Microscope Activities, 1: The Light Source
In the past, Hooke College of Applied Sciences offered a microscopy workshop for middle school and high school science teachers. We thought that these basic microscope techniques would be of interest not only for science teachers, but also for homeschoolers and amateur microscopists. The activities were originally designed for a Boreal/Motic monocular microscope, but the Discussion and Task sections are transferable to most microscopes. You may complete these 36 activities in consecutive order as presented in the original classroom workshop, or skip around to those you find interesting or helpful. We hope you will find these online microscope activities valuable.
EXPERIMENT 1: Illumination: Lighting the Specimen for Transmitted Brightfield
To become familiar with the importance and control of specimen lighting.
Turn the microscope completely around from its operating position, so that you can see both the bottom rear of the microscope and the right side (left side in rear view), as shown in the Figure 1-1.
The ON/OFF control is a rocker switch labeled “MAIN”, followed by the international symbol (l/O) for ON and OFF, which may be thought of as binary designations l (one = ON) and 0 (zero = OFF). Pushing this rocker switch to the ON position allows electricity from the built-in rechargeable battery to flow to the white LED (light emitting diode) that serves as the microscope’s fixed light source.
Figure 1-2 shows the AA 1.2V 1500mAh rechargeable battery pack that is visible on the inside of the hinged base plate after the locking screw is unscrewed; the leads going to the LED may also be seen.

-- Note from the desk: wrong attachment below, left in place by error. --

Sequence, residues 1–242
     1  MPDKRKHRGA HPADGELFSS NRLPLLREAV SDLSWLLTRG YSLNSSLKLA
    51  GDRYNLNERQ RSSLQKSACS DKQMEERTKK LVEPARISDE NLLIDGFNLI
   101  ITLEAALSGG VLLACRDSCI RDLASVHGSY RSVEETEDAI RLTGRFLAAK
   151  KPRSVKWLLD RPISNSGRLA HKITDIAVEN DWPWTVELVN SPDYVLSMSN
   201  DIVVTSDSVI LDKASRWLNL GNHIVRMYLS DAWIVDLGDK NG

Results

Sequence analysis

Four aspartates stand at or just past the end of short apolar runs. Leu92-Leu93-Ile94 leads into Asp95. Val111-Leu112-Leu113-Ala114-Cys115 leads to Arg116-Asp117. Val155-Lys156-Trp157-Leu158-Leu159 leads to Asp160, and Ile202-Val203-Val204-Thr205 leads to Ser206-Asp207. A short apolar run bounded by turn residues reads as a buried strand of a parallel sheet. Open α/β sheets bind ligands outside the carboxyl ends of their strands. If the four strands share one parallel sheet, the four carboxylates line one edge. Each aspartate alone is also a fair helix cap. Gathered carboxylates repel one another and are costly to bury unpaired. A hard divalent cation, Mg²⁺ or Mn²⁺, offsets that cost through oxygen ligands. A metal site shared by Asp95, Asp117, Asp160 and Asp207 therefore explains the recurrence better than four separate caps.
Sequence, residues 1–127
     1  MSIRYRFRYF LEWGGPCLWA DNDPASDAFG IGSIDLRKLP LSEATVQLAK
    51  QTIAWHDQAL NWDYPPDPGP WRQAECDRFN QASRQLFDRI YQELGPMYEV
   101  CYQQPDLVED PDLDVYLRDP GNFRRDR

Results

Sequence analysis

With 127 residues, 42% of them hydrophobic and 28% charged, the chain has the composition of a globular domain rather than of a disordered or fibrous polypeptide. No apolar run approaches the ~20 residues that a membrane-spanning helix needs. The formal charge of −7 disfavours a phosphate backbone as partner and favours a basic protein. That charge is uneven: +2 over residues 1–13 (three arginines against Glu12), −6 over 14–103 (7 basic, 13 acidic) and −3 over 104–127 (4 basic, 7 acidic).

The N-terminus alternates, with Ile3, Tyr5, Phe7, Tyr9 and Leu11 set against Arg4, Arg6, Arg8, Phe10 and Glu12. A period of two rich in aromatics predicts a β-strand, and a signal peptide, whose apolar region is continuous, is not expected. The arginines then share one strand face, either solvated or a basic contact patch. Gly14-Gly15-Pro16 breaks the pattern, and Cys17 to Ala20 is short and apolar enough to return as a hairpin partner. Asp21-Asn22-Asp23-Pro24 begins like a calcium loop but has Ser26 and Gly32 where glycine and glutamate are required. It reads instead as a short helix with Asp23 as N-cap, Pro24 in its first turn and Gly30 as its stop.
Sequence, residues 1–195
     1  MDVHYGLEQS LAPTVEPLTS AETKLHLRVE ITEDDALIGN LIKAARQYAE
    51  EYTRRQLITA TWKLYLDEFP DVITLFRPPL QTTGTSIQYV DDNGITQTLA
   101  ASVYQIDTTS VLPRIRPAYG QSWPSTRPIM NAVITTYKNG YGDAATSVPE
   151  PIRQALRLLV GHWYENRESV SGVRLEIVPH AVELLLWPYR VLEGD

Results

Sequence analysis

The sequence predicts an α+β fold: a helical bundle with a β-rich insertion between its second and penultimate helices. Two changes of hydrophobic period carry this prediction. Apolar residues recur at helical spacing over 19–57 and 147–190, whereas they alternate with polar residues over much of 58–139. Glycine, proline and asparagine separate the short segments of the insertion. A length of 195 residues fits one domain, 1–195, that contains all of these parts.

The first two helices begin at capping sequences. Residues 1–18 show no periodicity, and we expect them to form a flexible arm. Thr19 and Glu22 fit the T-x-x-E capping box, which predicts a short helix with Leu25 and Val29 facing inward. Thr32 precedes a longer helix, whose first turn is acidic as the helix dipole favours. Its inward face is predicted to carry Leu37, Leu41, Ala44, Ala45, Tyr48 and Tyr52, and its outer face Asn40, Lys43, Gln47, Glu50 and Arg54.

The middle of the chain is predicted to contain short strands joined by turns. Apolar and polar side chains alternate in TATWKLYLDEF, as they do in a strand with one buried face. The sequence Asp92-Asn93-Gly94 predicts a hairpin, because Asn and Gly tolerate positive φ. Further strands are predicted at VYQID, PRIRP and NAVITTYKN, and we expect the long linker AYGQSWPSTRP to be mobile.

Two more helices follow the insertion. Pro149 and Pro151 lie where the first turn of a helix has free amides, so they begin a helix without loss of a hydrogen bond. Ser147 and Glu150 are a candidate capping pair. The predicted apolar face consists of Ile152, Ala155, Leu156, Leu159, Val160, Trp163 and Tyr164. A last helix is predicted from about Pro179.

The brightness level of the light is controlled by turning the knurled wheel of the rheostat, seen to the far left in Figure 1-1 (right side from operator’s position). As indicated by the symbol, rotating the knurled wheel to the rear (high side of the black incline symbol) increases the intensity of the light; rotating the wheel toward the front of the microscope decreases the light level. With LED illumination, changing the brightness does not appear to change the color temperature (“whiteness”), as happens so dramatically when using incandescent bulbs for illumination. When using incandescent bulbs for microscope illumination, it is important for critical microscopy and photomicrography to operate the bulb at the voltage specified by the bulb manufacturer, e.g. 12V. At this voltage, the light will be of a specified color temperature – typically 3200K for quartz-halogen bulbs. Then a blue filter (typically one designated 80A) is placed in the light path to convert the color temperature from 3200K to 5500K (photographic Daylight). Once the correct daylight color temperature is achieved, intensity of the light should only be controlled with a series of neutral density filters (e.g., ND 0.3, ND 0.6, ND 0.9, ND 1.2).
The LED is said to provide light for the microscope for up to 80 hours without being plugged into the wall socket. The built-in rechargeable battery can be recharged by plugging in the supplied recharger. In Figure 1-1, the connecting plug from the recharging unit is shown just in front of the receptacle where it is plugged in; the symbol indicates the center positive terminal, and the outer negative terminal; the other end of the recharging unit is plugged into the wall socket. The LED in the microscope is rated at 3.5V 120mW max; the recharger supplies OUTPUT DC 4.5V 1A.
To the far right in Figure 1-1, a standard USB connector, with international symbol, can be seen. This connecting port is used for connecting the built-in digital camera to a computer or laptop when using the optional software.
Connect the recharger, if necessary, to the center receptacle. Connect a computer or laptop to the microscope using a suitable cord with USB connectors. Push the rocker switch to ON. Rotate the rheostat to adjust the brightness of the LED to a comfortable level.